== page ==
Taliban’s takeover leaves uncertainty looming over India’s investments in Afghanistan


As the world watches events unfolding in Taliban-led Afghanistan, worries loom large among countries that have trade ties with the war-torn country. This is a particular worry for countries in the neighbourhood like India that have invested heavily in Afghanistan and are now unsure of the future of their bilateral ties. Over the past two decades, since the US-Nato forces entered the region to help Afghanistan fight the Taliban, India has helped rebuild civic infrastructure. As far as infrastructure is concerned, India has helped Afghanistan build roads, dams, schools, libraries, and even its parliament. 

Since 2001, India has invested around $ 3 billion (Rs224 crore) in Afghanistan’s infrastructure, which includes over 400 projects across all provinces in the country. These projects are largely around infrastructure, human resource development and capacity building, humanitarian assistance, community development, and enhancing trade through air and land connectivity.

In 2015, prime minister Narendra Modi inaugurated the building, which was built at an estimated cost of $90 million. “This building will stand as an enduring symbol of that ties of emotions and values, of affection and aspirations that bind us together,” Modi said during the inauguration of the building that is spread over 86 acres.

In 2011, India signed an agreement with Afghanistan to enhance existing trade ties. As part of the agreement, Afghanistan got duty-free access to the Indian market. As of 2019-20, the trade between the two nations was estimated to be over $1.5 billion, which mostly includes dried fruits and vegetable products.

India is one of Afghanistan’s biggest export markets, especially for goods such as dried fruits, carpets, wool among other things. As of 2019, the total value of all Afghan exports to India was $410 million, increasing to $500 million in 2020-21. But now, these new developments have got Indian businesses worried.  For instance, the Taliban has reportedly sealed a couple of Afghanistan’s borders with Pakistan, which are the only land routes used for trade activities from India to Afghanistan.

Some of India’s other high-profile projects in Afghanistan are:

  • Zaranj-Delaram highway: A 218-km long highway, with an estimated cost of around $150 million, has been built by India’s Border Roads Organisation near Afghanistan’s border with Iran. The highway holds strategic importance for India as it provides an alternative route into Afghanistan through Iran’s Chabahar port after Pakistan denied India overland access to trade with Afghanistan.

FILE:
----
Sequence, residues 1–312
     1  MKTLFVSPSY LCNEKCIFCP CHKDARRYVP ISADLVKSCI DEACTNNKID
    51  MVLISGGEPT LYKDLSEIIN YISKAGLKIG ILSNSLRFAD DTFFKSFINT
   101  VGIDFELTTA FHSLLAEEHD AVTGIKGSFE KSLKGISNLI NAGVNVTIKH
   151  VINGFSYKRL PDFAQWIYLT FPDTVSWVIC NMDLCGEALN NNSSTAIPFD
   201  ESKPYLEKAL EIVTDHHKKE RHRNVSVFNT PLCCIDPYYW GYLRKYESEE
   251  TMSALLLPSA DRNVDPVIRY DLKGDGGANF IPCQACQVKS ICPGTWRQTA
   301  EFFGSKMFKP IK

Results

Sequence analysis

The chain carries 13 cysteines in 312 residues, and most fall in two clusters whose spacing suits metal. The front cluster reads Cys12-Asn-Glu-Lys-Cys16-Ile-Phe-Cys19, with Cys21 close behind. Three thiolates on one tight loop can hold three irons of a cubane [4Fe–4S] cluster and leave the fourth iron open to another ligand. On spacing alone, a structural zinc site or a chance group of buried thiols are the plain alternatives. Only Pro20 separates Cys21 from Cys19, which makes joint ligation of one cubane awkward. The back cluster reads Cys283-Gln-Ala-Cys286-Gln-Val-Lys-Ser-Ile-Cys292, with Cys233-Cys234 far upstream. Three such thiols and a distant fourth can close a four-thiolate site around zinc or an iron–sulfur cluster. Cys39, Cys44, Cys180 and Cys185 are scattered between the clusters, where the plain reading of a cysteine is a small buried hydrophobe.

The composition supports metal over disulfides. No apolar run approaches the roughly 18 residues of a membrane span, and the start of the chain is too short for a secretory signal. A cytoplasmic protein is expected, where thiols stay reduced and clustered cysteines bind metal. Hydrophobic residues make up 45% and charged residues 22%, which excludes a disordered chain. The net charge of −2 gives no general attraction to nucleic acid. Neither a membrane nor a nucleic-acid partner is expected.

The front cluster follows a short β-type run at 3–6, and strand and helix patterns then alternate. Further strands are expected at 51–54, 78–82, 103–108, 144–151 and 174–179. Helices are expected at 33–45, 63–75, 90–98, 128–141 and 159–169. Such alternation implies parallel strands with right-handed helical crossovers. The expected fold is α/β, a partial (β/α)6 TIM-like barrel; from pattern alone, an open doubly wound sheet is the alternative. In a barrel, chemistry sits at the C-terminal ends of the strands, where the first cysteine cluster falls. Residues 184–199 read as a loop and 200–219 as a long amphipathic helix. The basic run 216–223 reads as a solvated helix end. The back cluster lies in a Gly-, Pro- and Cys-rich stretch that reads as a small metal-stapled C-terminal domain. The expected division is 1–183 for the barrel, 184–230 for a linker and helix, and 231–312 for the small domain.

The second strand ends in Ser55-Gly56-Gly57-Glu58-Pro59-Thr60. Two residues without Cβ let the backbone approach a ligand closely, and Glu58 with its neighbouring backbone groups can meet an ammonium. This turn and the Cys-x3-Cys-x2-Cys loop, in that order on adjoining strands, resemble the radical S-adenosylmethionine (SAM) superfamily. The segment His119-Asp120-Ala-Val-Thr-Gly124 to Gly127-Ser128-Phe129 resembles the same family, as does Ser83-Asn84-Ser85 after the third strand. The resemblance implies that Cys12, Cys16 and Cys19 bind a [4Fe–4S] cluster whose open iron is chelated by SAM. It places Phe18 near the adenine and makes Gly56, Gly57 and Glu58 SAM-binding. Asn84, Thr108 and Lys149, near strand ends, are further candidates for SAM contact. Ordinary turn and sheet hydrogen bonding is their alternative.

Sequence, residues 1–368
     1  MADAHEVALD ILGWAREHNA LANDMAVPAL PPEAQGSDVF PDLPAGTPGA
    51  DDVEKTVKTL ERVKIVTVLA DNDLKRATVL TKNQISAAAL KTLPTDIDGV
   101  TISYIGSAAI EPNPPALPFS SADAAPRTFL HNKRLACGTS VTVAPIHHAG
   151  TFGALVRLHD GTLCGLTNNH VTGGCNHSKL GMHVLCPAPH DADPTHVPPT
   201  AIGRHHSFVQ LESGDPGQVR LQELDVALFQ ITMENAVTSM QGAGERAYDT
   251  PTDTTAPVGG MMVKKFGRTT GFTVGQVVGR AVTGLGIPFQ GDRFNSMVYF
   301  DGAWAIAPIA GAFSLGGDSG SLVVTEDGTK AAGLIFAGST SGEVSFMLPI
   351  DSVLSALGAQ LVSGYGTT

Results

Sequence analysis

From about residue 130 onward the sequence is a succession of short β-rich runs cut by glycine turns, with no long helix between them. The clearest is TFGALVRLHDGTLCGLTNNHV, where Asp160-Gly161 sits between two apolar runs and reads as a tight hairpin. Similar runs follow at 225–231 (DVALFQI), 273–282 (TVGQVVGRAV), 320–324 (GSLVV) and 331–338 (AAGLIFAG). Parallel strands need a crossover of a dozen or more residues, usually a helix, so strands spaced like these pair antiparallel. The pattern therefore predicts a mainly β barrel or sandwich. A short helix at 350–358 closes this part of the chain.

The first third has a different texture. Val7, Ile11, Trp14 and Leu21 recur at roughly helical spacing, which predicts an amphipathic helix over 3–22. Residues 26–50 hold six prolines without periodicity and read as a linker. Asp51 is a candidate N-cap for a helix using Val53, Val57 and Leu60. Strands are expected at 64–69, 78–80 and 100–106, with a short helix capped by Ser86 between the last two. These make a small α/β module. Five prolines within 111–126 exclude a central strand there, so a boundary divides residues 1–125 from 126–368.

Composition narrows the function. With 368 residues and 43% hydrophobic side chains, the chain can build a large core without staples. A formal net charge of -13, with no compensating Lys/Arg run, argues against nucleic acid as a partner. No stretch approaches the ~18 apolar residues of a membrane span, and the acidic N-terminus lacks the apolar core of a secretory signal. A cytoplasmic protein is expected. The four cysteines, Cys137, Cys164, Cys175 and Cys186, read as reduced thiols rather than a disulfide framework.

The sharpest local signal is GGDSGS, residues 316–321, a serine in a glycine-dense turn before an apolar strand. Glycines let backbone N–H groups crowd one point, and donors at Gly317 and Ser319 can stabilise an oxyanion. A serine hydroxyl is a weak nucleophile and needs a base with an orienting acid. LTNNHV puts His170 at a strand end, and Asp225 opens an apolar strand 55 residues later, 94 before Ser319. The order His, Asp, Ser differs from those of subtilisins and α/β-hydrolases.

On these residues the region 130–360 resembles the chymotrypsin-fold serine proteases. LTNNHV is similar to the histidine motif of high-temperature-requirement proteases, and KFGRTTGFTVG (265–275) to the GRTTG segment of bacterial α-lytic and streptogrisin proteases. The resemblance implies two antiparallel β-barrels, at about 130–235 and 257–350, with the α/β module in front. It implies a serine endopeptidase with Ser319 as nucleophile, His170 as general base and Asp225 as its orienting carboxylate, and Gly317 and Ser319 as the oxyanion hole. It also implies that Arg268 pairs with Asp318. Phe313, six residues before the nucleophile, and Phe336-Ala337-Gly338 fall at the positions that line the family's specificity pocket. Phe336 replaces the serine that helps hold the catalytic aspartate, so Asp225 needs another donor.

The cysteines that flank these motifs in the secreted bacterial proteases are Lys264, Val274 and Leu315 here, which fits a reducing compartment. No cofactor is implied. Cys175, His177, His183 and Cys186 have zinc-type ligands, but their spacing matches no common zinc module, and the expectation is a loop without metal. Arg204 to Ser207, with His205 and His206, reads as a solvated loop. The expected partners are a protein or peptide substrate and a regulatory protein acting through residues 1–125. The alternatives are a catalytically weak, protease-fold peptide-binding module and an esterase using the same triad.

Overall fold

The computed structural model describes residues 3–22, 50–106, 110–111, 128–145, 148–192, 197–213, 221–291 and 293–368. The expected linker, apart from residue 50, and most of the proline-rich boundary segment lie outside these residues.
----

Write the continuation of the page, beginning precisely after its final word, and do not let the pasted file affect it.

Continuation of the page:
• HEALTH INFRA: India has reconstructed a children’s hospital it had helped build in Kabul in 1972 —named Indira Gandhi Institute for Child Health in 1985 — increasing shambles after the war. ‘Indian Medical Missions’ have held free consultation camps in several areas. Thousands who lost their limbs after stepping on mines left over from the war have been fitted with the Jaipur Foot. India has also built clinics in the border provinces of Badakhshan, Balkh, Kandahar, Khost, Kunar, Nangarhar, Nimruz, Nooristan, Paktia and Paktika.

  • Salma Dam: Also known as the Afghan-India Friendship Dam project, the Salma dam in Herat province was completed against all odds including several attacks from the Taliban and was inaugurated in 2016. With an estimated cost of around $275 million, this is one of the most expensive infrastructure projects by India in the region.

  • Power infrastructure: Another relevant contribution by India includes the revamp of power infrastructure, which includes a high-voltage direct-current line from Baghlan to the north of Kabul.

Due to the recent lack of ambiguity towards regulating laws and governance of FDI in Taliban led Afghanistan there might be a crisis of international funds that President Ghani led Afghanistan was receiving. India being no exception. Uncertainties are rising not only regarding India’s trade with the country but also its investments. Given the situation, it remains unclear how India will maintain diplomatic ties with a government controlled by the militant group. The Taliban rule could disrupt India’s friendly ties with Afghanistan and subsequently its strategic investments in the war-torn country.

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